Stuff the Turkey, Not Yourself

HOUSTON (Dec 22, 2010) – Holiday celebrations mean plenty of cooking and eating high-calorie foods and drinks — cakes, casseroles, and egg nog. Enjoying tempting treats could have you tipping the scale before the new year if you’re not careful. But, a great tasting, lower-calorie holiday meal is possible with a little bit of planning and willpower.

 “It’s extremely easy to overeat during the holidays, but eating healthy doesn’t mean you have to pass up your favorite foods,” says Ann Smith Barnes, MD, medical director, Weight Management Services and Disease Prevention, Harris County Hospital District. “Balance is the key.”

According to the Calorie Control Council, the average American consumes more than 4,500 calories and 229 grams of fat from snacking and eating a traditional holiday dinner with turkey and all the trimmings.

By making small changes in your recipes and eating habits, you can avoid holiday weight gain. Barnes offers the following tips:

  • Cook lower calorie versions of the foods you love. Go for baked sweet potatoes instead of the traditional whipped sweet potatoes with marshmallows. Make macaroni and cheese with whole wheat pasta – it still tastes delicious and the fiber will make you feel full.
  • Leave out the sauces in traditional casseroles. For example, instead of green bean casserole, cook fresh green beans and, instead of broccoli and rice casserole, prepare steamed broccoli without the cheese or with a small amount of reduced fat cheese.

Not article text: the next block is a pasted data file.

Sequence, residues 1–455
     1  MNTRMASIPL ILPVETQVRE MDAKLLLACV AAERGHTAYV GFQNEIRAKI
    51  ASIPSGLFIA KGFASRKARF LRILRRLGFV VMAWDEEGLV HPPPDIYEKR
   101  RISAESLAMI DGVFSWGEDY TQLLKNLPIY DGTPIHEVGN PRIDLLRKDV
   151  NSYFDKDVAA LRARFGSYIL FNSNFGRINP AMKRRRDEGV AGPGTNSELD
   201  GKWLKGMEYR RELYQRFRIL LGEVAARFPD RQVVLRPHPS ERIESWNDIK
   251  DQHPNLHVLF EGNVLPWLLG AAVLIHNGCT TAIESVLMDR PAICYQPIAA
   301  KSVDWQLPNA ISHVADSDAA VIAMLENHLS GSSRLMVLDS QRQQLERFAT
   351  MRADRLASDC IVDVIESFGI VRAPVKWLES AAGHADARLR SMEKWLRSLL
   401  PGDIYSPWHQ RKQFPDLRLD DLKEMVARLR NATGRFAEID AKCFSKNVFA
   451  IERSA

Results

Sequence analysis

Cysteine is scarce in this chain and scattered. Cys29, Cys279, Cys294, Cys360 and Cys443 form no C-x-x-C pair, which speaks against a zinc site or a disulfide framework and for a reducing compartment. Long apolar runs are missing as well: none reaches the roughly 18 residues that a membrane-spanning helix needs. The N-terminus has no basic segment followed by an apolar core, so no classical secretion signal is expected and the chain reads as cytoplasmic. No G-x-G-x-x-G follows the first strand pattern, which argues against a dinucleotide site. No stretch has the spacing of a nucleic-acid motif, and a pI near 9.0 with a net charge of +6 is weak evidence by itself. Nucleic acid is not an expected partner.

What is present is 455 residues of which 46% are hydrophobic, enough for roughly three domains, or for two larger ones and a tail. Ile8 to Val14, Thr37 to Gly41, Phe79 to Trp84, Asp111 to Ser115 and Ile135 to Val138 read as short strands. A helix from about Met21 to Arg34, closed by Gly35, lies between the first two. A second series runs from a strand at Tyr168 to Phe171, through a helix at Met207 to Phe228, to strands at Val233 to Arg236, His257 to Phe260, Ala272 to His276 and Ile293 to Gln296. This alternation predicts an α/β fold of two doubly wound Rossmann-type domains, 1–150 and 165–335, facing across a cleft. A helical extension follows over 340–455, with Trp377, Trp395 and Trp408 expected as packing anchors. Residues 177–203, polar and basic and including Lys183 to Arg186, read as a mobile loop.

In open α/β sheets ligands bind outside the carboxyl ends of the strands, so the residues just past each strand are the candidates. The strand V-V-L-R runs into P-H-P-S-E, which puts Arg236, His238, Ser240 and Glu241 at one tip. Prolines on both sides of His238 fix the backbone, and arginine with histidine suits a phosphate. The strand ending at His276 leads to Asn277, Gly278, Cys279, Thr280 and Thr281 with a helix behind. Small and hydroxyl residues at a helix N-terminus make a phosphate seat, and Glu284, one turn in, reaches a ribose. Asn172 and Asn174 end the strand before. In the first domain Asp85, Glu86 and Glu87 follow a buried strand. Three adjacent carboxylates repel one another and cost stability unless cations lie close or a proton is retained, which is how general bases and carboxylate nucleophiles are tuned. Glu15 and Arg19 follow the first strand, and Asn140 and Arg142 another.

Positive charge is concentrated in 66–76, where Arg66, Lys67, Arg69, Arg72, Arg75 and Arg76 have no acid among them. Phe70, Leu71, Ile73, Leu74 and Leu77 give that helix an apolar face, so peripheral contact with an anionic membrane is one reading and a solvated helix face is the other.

• Use smaller plates and make sure you can see your plate under your food. Fill half of the plate with vegetables.
  • Practice portion control. Don’t feel like you have to try everything on the buffet. Instead, try a small spoonful of the foods you love.
  • Skip second helpings.
  • Pick and choose. If you love pecan pie, don’t deprive yourself. Eat a small piece, but forgo another high-calorie food.
  • Choose wheat bread over white bread or breads with honey or maple.
  • Drink water instead of soft drinks or fruit punch. And, if you consume alcohol, do so in moderation to avoid adding calories. 
  • Eat a small snack like cereal, a sandwich, salad or yogurt before dinner to be less hungry and better able to control portions.

“Enjoying the holiday bounty without the guilt is possible with a little strategy,” Barnes says. “Taking charge of your health by making small adjustments can lead you into the new year without the extra pounds.”

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